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RE: Hey! A live one!

It's amazing what seeing a few names will do for the memory.  What a great 

Ron Dozier works for IEC.  I was amazed anyone knew such a group existed... my 
step-father (Jim Phillips) has worked for IEC since the Sharp lab days.

I checked out some of the search engines on your web page- Bigfoot enabled me 
to find a host of possibilities "411" didn't spit out.  I found Ron Cox thru 
Bigfoot.  Thanks for putting all those search engines up there....


-----Original Message-----
From:	Jim Stallings [SMTP:jim@mcws.net]
Sent:	Wednesday, April 22, 1998 2:02 PM
To:	Bob & Cecelia; ejones@oracle.com; Alan Flippen
Cc:	Derik Desarian Thoth; jim@mcws.net
Subject:	Re: Hey! A live one!

My mother was remembering thinks I never remembered!  One of them is when
the mainframe at the new computer center across from IEC went down.  It
was on a sunday and no one was around to fix it.  For some reason they
called me, and I went to the center and brought the B6xxx back up from
being down.  My mom got a call from UofD, she was the operations manager
for IEC and Chem Ed, asking how I know how to do that.  She said she had
no idea what so ever, but that I was working at Delta and must have known

I also did work on Delta starting in my 9th year of high school.  I
started using the teletype system at 300 baud and saving my programs on
the oil paper punch paper, using what seemed like hand towels for paper.
My first program was nothing but REM statements.... did not do too much!

I later starting actual programming stuff, and obtained permission to use
the room at Dupont Hall next to Delta.  I remember going in there and
listening to the music they were playing on the PDP11 and playing with
the Turtle they had built.  I also spent alot of time down in the lab
with the wave machine.  At this time I was still in 9th grade.  During
the summer between 9th and 10th, I was asked by Newark High School to
attend summer school to learn the Wang 2200 systems they were going to
purchase.  During the summer, I spent all my spare time in the terminal
room at Dupont Hall as well as what time I could spend at Delta.  I got
kicked off the system by Green when I hooked into the high speed paper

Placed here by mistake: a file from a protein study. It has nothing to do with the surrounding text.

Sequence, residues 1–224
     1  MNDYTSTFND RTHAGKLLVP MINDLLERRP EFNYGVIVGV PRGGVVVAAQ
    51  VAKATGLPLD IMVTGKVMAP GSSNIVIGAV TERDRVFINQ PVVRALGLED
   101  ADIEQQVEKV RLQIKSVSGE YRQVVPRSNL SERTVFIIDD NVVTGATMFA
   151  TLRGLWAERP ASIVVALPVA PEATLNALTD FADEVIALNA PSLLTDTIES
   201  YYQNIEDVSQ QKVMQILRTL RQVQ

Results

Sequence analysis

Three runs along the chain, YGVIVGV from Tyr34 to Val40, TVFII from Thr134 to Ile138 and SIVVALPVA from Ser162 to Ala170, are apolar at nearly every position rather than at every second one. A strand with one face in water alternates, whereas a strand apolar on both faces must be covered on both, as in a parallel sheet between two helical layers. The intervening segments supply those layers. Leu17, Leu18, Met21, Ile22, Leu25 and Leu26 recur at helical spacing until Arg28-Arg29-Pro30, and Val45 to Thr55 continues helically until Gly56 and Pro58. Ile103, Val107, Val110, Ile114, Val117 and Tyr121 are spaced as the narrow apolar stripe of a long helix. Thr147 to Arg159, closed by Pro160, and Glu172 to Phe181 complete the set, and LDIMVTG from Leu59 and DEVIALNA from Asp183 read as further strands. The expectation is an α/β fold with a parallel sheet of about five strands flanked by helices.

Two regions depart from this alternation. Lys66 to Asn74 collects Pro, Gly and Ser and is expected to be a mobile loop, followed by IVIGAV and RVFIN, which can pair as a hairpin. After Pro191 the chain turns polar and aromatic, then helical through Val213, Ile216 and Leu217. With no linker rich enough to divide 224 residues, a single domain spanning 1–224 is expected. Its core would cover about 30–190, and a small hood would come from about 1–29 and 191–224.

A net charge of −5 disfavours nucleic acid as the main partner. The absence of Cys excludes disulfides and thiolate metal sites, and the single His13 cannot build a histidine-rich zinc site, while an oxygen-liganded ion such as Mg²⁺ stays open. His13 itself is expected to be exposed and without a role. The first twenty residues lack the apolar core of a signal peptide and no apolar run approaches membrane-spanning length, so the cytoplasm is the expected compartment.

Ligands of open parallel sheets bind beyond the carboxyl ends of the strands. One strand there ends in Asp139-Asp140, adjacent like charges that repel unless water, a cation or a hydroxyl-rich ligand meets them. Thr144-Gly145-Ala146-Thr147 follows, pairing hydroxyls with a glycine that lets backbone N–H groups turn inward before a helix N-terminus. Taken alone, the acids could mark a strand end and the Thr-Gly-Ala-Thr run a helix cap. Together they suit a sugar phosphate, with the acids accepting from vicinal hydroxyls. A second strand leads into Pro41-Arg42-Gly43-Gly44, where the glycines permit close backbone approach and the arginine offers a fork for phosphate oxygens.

tape and send form feeds to it.  The entire tray of tape emptied out all
over the floor around the console.

I think it was during this summer or 10th grade that I wrote a program
that randomally grabbed terminals (KBxx) and acted like a logon program.
It would then ask for the user name and password.  It asked twice, gave
an error and disconnected leaving the terminal.  The person entering the
user and password, just assumed they had miss keyed.  It was at this time
I logged into a priv account and gained access to the system.

When the center moved into the smaller room in Dupont, which use to be
the terminal room, I was given a key to the room as well as priv access
to the system (it was common to give people priv access once security was
broke).  I was able to retain keys and 24 hour access to this room as
well as both the room the second floor of  Willard and the 011 in
Willard.  I worked there with Ron and many others that are listed in the
history of Delta.  As you walked into the room, you walked up a ramp, the
computer equipment was to the left, drives to the right, and
displays/terminals in the middle.  Since I did not have a car, I would
ride my bike, walk, and hitch hike from White Clay Park near the MD
boarder to Dupont Hall.  I spent a couple all nighters at Dupont Hall
working on programs that I do not even remember.

Radio Shack then delivered one of their first Trash 80's to Delta for
eval.  I remember we were pretty impressed, but some us never really did
much on it.  Once thing we liked to do was change all the error messages
so they would not say the normal 'File not Found', but instead things